Who I am
Next month will mark my 54th rotation around the sun. A time for reflection over passed lessons that I've learned and seek God's wisdom and guidance to where my life is leading.
As I approach the mid 50's, I find myself retired from a job that I truly enjoyed doing. I am, forever, a railroader. But that title doesn't sum up who I am. Yes, I am a railroader; been one ever since my grandfather told me his stories of life on the rails when I was a toddler. And after spending 11 years with the Union Pacific Railroad, I will continue to be a railroader because if you were to spend a small amount of time with me and would ask me anything about railroading, you'll soon know why I wear the title of "railroader"; I've experienced first hand what railroading is all about. Nonetheless, my life isn't all about what happens on two pieces of parallel steel, especially now, since I've been two years away from the job.
If I then cap off my bio with, and I'm a white man" or "man" or "heterosexual" or whatever lesser trait that I'm identified as, would that truly change who I am? Nothing new here, other than a realization that there's so much to a person's character and being, that to simplify their person hood with a one word capstone of, "I'm Black" or "I'm gay" or "I'm a woman" or whatever, seems to do a disservice to themselves. In other words, when a person gives their resume and ends it with, "and I'm (fill in the blank)" I want to ask, could they have done all they have claimed, if they were not whatever adjective they used for their apex of their life?
There's so much more to a person's identity than to just label them by some outstanding trait. And I might add, that those outstanding traits usually become the person's nickname. But nicknames don't tell the whole story; they don't reveal who the person truly is. Let me explain: I'm known by "Red" in most of the places I worked over the years. My grandfather, the one who worked for the railroad and told me his stories, also had a head full of red and he, too, was known as "Red" for most of his life. In some aspect, I do feel honor to keep the namesake, "Red" for the memory of my grandfather, but there's so much more to me than my red hair and if anyone who truly knows me will tell you that. So why do some limit their description to a simple adjective to describe themselves? When God sees you as a stunning masterpiece that he created.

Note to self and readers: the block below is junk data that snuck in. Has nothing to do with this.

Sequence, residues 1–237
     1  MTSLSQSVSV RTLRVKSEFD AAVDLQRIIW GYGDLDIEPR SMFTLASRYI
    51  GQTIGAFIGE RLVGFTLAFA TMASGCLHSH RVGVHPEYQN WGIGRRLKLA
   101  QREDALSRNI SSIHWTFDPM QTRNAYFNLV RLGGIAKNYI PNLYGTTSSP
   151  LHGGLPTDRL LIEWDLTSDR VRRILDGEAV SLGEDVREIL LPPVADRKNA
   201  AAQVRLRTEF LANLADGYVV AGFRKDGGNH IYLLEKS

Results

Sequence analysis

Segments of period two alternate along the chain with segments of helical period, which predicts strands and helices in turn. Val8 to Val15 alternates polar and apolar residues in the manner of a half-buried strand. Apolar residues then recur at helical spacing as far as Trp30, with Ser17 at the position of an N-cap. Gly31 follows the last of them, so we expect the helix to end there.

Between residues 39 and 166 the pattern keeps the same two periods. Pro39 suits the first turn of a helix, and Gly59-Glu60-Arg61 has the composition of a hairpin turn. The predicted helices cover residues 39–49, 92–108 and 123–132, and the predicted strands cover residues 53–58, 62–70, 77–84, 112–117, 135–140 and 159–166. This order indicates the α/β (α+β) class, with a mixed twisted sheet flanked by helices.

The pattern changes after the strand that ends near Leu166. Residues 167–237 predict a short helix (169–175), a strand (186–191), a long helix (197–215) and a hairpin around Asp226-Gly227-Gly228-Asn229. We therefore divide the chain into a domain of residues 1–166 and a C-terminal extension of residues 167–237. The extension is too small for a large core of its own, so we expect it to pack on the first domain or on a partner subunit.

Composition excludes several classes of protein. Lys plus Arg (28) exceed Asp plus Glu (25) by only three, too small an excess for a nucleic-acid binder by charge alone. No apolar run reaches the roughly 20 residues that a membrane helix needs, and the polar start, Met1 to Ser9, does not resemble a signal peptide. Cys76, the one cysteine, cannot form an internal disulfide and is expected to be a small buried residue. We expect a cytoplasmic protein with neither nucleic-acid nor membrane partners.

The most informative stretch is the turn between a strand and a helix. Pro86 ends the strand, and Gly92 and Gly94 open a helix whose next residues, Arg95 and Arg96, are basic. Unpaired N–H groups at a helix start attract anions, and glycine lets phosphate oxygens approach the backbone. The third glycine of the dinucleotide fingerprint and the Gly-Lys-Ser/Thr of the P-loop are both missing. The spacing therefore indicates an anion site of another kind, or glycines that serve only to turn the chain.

I also understand overcoming hurdles; we all overcome obstacles. But, as my father always told me when I was growing up, "Life's hard! And if someone tells you differently, they're lying to you and want to separate you from your money." Something else about hurdles - they don't stop coming until the day you pass from the world to the next. If you're proud of what you've done so far, then take a look at what you accomplished, then prepare yourself for what will come at you tomorrow and the day after that.
Recently, a song been going through my head, "I Will Rise" by Chris Tomlin. The song talks about how Jesus overcame the grave and how, if we attach our lives to Jesus's, we too, will overcome the grave and we will rise. When a person limits his life to just one word, the one thing that they can't say is that they have overcome the grave. We might cheer the rugged individualism that is implied by such a statement, when it comes to that last hurdle, the grave, if you don't know the victor of the grave, then the grave will have a hold on you for all eternity. And then it won't matter if you're celebrating an alternative lifestyle, or race or individualism or overcoming some dreaded disease. The Lord isn't interested in what you've accomplished over your life span, he's interested in who you are.
As for me, my summary is as follows - My name is Jim Fulton and I'm a husband, father, brother, son, uncle, friend, railroader, and most importantly, I'm a sinner... save by grace.
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